‘The house I don’t mind; the clothes I could do without.’ He picked at his waistcoat as if it were a dead animal carcass that needed removing.

‘Just be glad she isn’t into nursery rhymes.’

Before Hades could respond, Persephone threw open the doors, a breathtaking Elizabeth to Hades’ Mr Darcy. Out of the corner of my eye, I watched the god’s face soften at the sight of his wife’s joy.

‘Wonderful, more company,’ she said and led us into the public area of the palace and the only room I had ever been in. It was decorated to suit the exterior with a series of uncomfortable-looking sofas and chairs placed close enough in the large space to allow quiet conversation. A silver tray on a side table held a porcelain teapot, cups and saucers. Next to it were a number of plates containing an assortment of afternoon tea goodies.

I felt Hades’ muscles tense under my hand and I looked in the same direction as him. On a dainty sofa, nursing a cup and saucer on his thigh, sat Aden. In jeans and a T-shirt, he stood out like a demon in heaven. The cup rattled as he put it on the small table beside him and stood.

‘What the hell are you doing here?’ The words left my mouth before I could stop them. A grunt emanated from Hades as if he were trying not to laugh aloud. Persephone scowled as if worried it would permanently mar her face if she did so too deeply. Too late, I remembered my manners. I glared at Aden then turned to the goddess with a smile.



Care to win a prize? Just answer in the comments below, which ancient god you would like to have as a houseguest. 

You could win either a copy of Harbinger (e-book only) or a shiny, sparkly bookish surprise. International entries welcome. The winner will be announced on Monday 29th October. 


~~~
You can find Peta at her website


12 comments:

  1. Peta, I just finished this the other day and I LOVED it! I don't know what I was expecting, but I got more than that! Those pesky gods just kept turning up and turning the tables and there were those creepy things with tongues and teeth and TWO gorgeous guys, even though one might be... no, can't say that, spoilers!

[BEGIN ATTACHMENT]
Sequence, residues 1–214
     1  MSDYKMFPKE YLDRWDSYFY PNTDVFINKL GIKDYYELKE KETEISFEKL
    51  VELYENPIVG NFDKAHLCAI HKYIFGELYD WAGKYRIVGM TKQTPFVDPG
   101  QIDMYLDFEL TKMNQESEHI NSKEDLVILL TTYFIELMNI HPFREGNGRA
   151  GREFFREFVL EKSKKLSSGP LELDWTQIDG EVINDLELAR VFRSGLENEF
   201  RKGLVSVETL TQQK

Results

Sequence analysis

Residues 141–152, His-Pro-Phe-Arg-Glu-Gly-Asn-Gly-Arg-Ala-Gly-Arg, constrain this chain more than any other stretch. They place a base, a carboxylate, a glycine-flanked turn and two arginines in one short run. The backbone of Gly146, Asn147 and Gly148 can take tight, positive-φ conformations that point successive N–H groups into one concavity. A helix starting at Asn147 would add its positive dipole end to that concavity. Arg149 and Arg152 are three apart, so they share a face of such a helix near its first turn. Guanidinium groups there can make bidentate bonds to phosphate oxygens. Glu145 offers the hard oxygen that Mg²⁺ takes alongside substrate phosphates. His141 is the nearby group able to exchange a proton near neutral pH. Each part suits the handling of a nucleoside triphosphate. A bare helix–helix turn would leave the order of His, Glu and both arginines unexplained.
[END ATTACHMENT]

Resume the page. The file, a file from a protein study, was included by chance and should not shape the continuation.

Seriously, it was great and there will be more, yes? Please?

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    1. Thanks Imelda. So glad you liked it. Hoping to get a sequel out next year.

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  2. Oh boy, do those gods hold grudges! Great book (bought, read, loved - so don't pop me in the draw, please)

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    1. Thanks, Jenny. So happy you liked it.

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  3. I honestly think that if I were going to have an ancient god as a house guest, then I think I would like to have Athena or Artemis.

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    1. Ooooh good choice Danielle. I would love to be visited by Athena or Artemis.

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  4. Oh this is one for my reading wish list - sounds great! =)

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    1. I hope you enjoy it Mel :-)

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  5. Hmm.... I'd love to have a chat with Isis, she always fascinated me.

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    1. I agree Sullivan, Isis would be a fascinating house guest.

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  6. I'm late, late for a very important date. Love the sound of this book, Peta. Can't wait to read it!

    As for your question - I'm not sure I would like to have any of the ancient gods as houseguests - they tend to trash the places they go! ;)

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  7. I'm probably too late for the offer, but I'm excited about reading this book!

    As for which god I'd want as a house guest, I'd have to agree with Eleni. It'd be disasterous. A group of well-trained, shirtless demigods at my disposal, mmm, now that's another story . . . .